Marco Rubio still 'reviewing' Trans-Pacific trade deal
More than three months after the Trans-Pacific Partnership deal was finalized, Marco Rubio remains undecided on his support.
“He is still in the process of reviewing it,” said his Senate spokesman, Alex Burgos.
The sweeping trade deal, a top priority of Presidnet Obama, hasn’t gotten a lot of attention in the presidential campaign, but has revealed stark divisions among candidates.
Hillary Clinton, for instance, came out against the deal despite having once called it the “gold standard.” Republicans are on both sides. Jeb Bush supports the deal; Ted Cruz has come out against it.
In a withering attack on Cruz during last week’s debate, Rubio accused Cruz of flip-flopping on giving Obama fast-track authority on trade. “You used to support TPA, now you say you’re against it,” Rubio said, correctly.
If Rubio follows Cruz in opposing the actual deal, it would be a notable departure. Rubio has been a vocal advocate for the idea.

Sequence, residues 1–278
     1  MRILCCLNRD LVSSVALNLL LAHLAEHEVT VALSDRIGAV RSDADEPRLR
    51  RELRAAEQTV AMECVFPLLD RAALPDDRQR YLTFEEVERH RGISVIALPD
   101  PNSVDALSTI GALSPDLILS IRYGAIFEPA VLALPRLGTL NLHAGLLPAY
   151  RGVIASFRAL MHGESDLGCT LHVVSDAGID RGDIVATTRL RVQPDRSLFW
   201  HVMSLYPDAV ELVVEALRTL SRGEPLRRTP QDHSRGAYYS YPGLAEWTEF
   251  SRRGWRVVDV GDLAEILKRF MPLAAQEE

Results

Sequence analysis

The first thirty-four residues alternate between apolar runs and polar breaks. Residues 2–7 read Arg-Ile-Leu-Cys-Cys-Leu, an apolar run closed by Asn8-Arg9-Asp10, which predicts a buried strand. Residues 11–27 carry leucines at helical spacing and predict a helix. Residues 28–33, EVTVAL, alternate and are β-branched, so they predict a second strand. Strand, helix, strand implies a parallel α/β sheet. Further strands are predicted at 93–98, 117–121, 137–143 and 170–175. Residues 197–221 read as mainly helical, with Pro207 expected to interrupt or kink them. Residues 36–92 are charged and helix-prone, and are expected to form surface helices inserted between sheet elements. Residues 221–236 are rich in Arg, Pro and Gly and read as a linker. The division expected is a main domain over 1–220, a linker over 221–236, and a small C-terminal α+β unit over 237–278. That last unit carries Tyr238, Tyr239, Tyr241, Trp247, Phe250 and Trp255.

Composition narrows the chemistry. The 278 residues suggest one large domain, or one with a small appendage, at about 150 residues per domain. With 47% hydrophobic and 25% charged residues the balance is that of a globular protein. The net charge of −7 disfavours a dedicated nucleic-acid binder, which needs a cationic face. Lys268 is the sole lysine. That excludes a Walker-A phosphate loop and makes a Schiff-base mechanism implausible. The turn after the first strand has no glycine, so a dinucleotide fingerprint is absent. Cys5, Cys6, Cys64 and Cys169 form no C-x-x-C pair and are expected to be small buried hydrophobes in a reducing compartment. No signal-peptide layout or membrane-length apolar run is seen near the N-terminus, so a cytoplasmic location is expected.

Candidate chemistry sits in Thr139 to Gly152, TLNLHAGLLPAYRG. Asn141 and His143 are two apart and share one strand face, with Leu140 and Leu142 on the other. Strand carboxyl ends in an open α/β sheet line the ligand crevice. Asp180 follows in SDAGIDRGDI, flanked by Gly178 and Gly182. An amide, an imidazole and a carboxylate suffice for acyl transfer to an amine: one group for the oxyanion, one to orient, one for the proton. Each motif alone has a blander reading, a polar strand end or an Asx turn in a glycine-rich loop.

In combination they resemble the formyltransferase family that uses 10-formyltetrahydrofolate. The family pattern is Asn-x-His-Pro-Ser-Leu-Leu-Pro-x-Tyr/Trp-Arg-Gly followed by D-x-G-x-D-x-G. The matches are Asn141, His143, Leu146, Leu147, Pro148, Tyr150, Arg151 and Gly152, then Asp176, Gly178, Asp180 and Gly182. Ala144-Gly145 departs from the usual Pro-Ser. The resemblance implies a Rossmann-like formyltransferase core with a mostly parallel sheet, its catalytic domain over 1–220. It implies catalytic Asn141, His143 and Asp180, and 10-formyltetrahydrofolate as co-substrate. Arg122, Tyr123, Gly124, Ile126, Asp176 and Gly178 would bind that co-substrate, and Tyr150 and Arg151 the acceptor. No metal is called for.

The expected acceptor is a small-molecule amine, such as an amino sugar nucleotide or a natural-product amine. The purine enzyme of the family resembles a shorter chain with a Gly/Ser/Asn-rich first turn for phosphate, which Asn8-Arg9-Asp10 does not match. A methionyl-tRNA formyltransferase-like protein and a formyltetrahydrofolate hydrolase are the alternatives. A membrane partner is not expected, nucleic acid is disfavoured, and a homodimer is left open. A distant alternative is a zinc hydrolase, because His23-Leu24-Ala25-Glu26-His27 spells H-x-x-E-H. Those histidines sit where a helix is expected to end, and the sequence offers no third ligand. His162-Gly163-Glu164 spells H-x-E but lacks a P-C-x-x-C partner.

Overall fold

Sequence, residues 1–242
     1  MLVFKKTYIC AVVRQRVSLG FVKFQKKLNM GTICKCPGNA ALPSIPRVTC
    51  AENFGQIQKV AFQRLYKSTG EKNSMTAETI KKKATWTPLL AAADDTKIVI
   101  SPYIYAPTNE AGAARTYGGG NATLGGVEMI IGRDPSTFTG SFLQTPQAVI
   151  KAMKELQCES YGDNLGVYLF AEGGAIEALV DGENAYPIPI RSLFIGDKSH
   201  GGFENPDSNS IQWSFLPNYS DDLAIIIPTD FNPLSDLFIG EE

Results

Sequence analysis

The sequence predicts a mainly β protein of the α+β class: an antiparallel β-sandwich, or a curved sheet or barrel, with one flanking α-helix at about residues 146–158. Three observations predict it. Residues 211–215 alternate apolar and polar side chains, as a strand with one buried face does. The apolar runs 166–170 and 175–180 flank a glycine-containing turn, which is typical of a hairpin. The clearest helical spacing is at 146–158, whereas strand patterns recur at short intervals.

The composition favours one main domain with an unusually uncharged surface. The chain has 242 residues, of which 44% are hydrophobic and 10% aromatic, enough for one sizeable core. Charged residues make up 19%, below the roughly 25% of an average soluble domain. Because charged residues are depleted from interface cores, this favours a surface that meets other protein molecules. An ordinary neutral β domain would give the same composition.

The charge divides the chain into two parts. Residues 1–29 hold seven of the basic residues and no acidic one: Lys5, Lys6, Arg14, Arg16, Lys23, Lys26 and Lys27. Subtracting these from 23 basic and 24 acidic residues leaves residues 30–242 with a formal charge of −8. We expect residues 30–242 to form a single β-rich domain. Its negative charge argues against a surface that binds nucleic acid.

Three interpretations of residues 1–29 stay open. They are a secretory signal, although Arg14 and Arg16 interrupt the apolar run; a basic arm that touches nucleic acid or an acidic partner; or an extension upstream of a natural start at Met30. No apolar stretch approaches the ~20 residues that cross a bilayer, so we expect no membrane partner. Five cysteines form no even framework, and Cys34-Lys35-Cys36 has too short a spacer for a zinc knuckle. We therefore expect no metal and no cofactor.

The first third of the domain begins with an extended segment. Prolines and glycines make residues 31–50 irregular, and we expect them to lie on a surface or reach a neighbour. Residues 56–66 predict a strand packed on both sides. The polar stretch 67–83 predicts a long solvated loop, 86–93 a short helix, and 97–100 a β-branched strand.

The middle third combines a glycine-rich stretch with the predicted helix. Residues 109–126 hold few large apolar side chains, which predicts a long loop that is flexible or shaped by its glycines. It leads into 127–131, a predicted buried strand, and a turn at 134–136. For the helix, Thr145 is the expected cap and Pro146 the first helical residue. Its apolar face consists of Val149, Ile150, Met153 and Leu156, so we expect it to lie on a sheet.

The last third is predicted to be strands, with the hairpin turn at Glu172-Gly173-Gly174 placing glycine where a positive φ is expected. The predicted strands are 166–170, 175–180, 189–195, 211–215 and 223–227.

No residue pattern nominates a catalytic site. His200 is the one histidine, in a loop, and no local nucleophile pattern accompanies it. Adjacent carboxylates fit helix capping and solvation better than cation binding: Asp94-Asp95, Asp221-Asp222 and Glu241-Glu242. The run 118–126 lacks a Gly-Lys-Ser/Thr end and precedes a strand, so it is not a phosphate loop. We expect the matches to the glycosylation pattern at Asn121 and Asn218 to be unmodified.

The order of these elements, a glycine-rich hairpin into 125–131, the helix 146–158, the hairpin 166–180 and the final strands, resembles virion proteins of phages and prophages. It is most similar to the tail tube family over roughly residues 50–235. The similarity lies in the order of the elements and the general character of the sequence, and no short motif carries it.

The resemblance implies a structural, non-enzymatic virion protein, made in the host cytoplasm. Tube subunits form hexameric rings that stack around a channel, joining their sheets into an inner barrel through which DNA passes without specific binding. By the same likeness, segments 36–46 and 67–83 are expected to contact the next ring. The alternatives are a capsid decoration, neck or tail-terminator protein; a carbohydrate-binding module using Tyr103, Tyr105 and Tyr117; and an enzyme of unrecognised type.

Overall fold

“It will create the opportunity for emerging economies to become the next ‘tigers’ of Asia and enhance linkages between nations in the Western Hemisphere and East Asia,” Rubio wrote in the Wall Street Journal in April 2015.
In May, during a speech at the Council on Foreign Relations, Rubio said it was “more important than ever that Congress give the president trade promotion authority so that he can finalize the Trans-Pacific Partnership and the Trans-Atlantic Trade and Investment Partnership.”
But his support came under attack from some conservatives, who have dubbed the deal as "Obamatrade." When the deal was formally minted in October, Rubio said he would have to review it.
Meanwhile, the White House continues to seek support on Capitol Hill. Wednesday, Tampa Mayor Bob Buckhorn led a press conference about it during a gathering of mayors.
UPDATE: A Bush spokeswoman says he stills supports TPP, "barring seeing the final language." So Bush has given himself some room as Rubio has.
UPDATE 2: Rubio on Jan. 7 told reporters that he was waiting on a report from the International Trade Commission. That report is not due until May.